This trend highlights an interesting paradox. Once social movement activists are aware of a company’s claims to decency and moral excellence, they actually become more critical of its practices. Conversely, less prestigious corporations with a middling record in a range of areas—sustainability, the environment, human rights—are often spared. In some instances, blending into the crowd can be a good thing.
Brayden King highlights the pitfalls of using CSR as PR
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As executives seek to manage their image as responsible corporate citizens, they face several challenges. If publicity around CSR investments has the effect of painting a larger target on a company’s back, heightened scrutiny could dissuade executives from pursuing potentially valuable initiatives. The trick, then, is to understand the sources of potential risk and manage them accordingly. Our findings have direct implications for how companies respond to public protests. The right communications and engagement strategy can help companies avoid reputational damage.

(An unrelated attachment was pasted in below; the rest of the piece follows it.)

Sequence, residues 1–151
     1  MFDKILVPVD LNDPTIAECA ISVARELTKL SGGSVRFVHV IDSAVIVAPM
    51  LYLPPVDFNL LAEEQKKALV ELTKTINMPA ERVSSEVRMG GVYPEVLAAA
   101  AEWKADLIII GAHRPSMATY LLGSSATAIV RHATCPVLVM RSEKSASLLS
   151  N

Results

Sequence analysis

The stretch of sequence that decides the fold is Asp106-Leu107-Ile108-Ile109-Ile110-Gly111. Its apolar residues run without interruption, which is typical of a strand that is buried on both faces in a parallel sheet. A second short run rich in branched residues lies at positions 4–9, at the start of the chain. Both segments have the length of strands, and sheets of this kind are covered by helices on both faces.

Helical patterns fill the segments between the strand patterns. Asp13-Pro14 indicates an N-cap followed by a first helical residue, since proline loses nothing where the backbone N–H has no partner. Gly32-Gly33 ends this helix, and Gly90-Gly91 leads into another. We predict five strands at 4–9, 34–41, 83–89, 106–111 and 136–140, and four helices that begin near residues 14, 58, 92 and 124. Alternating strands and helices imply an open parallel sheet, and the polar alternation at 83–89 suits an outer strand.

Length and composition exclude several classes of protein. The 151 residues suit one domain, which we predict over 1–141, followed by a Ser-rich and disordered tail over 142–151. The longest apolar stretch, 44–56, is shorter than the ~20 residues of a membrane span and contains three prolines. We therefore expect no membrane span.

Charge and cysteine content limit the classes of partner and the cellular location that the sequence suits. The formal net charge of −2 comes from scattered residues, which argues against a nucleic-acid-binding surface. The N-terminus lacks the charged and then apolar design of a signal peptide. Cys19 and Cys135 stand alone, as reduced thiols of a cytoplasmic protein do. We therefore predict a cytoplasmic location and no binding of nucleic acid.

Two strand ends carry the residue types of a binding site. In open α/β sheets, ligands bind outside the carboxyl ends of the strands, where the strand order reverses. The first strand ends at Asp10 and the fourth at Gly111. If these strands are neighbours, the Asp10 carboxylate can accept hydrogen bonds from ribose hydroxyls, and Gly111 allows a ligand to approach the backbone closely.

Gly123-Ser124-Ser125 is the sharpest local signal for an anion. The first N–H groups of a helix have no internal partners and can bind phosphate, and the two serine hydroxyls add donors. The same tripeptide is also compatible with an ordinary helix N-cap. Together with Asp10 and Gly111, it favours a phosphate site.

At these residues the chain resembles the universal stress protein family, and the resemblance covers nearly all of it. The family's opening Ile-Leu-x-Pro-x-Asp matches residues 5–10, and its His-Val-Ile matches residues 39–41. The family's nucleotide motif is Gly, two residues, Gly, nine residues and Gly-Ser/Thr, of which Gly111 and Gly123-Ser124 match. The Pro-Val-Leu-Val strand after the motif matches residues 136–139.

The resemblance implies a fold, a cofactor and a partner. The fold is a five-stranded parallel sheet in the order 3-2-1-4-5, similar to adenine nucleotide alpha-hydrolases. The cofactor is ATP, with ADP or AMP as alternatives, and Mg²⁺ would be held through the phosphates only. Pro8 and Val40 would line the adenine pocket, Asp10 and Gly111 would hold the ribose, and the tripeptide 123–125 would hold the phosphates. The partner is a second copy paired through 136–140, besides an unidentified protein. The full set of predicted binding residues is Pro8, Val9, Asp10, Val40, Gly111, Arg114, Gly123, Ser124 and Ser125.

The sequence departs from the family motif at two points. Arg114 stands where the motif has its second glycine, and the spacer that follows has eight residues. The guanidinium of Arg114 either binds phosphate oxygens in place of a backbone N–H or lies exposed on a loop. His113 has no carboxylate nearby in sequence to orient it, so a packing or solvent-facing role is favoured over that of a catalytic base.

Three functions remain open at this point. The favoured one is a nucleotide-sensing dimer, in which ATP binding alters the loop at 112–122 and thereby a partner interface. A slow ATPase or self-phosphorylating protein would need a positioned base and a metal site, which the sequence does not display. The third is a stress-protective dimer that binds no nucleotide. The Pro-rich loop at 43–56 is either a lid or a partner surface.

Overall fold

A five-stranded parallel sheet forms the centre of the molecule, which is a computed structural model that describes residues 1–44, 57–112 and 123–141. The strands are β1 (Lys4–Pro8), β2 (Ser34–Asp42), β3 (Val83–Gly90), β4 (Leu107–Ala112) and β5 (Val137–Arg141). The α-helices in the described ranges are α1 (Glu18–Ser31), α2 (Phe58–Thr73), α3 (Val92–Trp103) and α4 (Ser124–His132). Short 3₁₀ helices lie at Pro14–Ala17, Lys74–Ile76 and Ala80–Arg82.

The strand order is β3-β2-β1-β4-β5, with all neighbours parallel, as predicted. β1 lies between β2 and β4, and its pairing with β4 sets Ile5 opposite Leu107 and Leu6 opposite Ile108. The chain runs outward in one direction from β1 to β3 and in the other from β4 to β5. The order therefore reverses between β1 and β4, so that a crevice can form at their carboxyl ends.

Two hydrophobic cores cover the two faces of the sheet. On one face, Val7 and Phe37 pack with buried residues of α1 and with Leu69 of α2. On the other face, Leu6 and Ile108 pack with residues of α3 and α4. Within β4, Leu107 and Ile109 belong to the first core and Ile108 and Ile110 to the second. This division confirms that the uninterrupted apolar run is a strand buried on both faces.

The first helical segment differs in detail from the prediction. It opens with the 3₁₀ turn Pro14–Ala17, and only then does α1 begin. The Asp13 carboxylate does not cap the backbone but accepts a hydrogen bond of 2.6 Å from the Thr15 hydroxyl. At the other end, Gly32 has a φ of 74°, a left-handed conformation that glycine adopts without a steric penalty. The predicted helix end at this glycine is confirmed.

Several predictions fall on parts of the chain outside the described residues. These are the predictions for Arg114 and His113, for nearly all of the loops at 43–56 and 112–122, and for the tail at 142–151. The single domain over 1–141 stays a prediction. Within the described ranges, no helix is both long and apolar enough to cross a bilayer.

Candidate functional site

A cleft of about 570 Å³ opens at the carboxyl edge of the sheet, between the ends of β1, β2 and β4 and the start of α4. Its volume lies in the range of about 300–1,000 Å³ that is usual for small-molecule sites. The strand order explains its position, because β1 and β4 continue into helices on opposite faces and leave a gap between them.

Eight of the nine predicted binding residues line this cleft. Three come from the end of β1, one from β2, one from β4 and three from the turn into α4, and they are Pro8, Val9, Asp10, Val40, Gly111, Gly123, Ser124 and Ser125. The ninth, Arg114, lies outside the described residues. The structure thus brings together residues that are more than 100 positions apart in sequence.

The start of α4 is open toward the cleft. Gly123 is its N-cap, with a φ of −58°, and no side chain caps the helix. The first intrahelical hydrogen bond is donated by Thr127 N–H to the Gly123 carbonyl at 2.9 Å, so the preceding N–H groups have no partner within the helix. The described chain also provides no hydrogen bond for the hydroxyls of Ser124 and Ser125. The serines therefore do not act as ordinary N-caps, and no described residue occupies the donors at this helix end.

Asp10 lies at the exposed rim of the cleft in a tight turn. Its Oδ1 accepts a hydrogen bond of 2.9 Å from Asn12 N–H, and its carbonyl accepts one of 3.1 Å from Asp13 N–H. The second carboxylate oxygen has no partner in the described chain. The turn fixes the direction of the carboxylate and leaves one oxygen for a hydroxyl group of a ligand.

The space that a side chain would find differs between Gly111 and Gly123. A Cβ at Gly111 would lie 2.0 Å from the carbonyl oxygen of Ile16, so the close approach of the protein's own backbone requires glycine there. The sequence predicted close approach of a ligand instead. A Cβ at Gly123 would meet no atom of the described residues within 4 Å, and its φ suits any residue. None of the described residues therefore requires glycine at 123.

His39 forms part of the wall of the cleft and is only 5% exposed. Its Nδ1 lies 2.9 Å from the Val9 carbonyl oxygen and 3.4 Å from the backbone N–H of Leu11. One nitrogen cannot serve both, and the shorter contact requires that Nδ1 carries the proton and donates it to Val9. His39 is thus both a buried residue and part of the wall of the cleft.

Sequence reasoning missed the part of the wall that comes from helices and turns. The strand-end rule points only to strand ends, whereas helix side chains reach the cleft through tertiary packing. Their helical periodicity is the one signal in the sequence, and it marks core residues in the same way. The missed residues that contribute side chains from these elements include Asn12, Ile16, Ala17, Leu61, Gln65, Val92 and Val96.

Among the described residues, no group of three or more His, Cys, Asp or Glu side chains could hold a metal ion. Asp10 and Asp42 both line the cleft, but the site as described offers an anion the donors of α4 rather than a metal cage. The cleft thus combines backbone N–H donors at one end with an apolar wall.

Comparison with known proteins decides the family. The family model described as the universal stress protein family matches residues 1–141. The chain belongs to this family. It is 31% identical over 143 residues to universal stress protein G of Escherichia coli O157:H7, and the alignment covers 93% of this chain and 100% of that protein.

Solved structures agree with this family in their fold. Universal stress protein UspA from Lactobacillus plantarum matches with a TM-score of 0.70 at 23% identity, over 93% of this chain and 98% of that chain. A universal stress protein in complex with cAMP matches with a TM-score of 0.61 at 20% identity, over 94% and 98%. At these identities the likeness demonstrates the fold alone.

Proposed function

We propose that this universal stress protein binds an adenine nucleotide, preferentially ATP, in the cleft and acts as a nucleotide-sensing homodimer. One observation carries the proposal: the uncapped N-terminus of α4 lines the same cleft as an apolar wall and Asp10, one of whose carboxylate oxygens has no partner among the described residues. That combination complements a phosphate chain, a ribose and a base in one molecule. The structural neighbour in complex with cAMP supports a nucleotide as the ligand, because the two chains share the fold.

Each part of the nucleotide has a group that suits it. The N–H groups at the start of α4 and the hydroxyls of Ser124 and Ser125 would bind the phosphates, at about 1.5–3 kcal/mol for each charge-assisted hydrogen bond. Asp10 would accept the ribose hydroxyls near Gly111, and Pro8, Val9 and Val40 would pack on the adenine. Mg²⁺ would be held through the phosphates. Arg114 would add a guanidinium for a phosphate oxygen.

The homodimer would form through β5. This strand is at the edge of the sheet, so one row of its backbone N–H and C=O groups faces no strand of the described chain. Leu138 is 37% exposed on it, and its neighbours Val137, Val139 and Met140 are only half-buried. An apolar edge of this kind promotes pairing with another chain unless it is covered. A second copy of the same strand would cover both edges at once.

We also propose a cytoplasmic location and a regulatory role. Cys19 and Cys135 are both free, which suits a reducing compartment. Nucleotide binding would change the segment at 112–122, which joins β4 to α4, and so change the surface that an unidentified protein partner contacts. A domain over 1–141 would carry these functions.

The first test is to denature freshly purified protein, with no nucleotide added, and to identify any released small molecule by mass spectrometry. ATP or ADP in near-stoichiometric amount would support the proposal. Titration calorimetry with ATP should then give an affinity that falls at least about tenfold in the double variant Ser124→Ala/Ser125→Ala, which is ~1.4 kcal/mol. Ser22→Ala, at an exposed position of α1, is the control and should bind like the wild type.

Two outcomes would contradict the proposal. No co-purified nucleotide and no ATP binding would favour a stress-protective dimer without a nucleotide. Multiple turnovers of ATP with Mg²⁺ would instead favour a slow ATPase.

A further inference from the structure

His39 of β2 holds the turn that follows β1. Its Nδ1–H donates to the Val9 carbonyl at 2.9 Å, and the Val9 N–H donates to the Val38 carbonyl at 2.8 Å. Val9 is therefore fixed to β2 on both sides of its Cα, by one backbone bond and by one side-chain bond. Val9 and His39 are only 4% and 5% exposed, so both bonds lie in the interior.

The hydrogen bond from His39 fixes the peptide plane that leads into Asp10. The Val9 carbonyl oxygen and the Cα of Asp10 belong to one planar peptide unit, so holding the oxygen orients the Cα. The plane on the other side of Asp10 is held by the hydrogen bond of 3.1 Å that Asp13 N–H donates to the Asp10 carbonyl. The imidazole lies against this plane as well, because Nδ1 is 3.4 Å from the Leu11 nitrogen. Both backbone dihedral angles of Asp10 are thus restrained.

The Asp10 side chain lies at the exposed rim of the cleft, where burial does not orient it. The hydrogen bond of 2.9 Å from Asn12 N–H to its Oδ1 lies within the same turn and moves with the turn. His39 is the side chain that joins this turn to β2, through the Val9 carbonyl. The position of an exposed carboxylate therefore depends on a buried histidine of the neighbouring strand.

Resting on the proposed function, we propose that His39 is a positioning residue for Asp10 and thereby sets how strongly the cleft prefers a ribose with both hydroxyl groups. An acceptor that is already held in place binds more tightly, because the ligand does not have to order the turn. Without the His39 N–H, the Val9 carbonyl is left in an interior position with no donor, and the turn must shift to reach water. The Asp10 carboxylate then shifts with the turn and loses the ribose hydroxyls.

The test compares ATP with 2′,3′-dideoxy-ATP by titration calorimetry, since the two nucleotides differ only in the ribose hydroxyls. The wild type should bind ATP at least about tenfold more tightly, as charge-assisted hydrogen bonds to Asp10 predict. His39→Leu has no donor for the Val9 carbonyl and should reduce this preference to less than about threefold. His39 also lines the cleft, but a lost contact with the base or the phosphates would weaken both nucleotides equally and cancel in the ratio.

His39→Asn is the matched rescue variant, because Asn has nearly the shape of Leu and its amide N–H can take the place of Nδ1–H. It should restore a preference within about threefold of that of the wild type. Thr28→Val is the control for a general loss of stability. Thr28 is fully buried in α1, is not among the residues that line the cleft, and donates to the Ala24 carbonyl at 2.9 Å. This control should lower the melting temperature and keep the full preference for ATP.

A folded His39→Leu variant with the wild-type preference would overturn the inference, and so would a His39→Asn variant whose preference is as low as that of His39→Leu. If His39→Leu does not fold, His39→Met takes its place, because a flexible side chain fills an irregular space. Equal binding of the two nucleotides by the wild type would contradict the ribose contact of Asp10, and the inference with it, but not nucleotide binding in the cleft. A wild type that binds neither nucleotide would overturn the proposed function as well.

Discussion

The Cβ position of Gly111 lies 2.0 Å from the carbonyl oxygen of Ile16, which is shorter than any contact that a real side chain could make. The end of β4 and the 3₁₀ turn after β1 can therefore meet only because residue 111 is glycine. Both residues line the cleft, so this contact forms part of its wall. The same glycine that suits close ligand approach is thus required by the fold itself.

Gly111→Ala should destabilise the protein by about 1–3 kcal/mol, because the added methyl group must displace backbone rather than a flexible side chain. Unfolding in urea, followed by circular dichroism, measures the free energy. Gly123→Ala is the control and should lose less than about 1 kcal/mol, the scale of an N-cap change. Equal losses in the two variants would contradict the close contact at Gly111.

Two Categories of Activists
Although activists use many different nuanced tactics to exert influence, they can be segmented into two categories. Primary stakeholders are individuals who either engage in economic transactions with an organization or who benefit directly from its financial performance. This group includes shareholders, employees, suppliers, or creditors. Secondary stakeholders include community activists, religious organizations, and nongovernmental organizations that lack other, more direct means to communicate their grievances to a company’s leadership. The ability of each group to affect a company’s financial performance differs significantly. While the kinds of public protests that Starbucks navigated recently grab headlines, research indicates that failing to effectively deal with the criticisms of primary stakeholders actually poses a greater risk.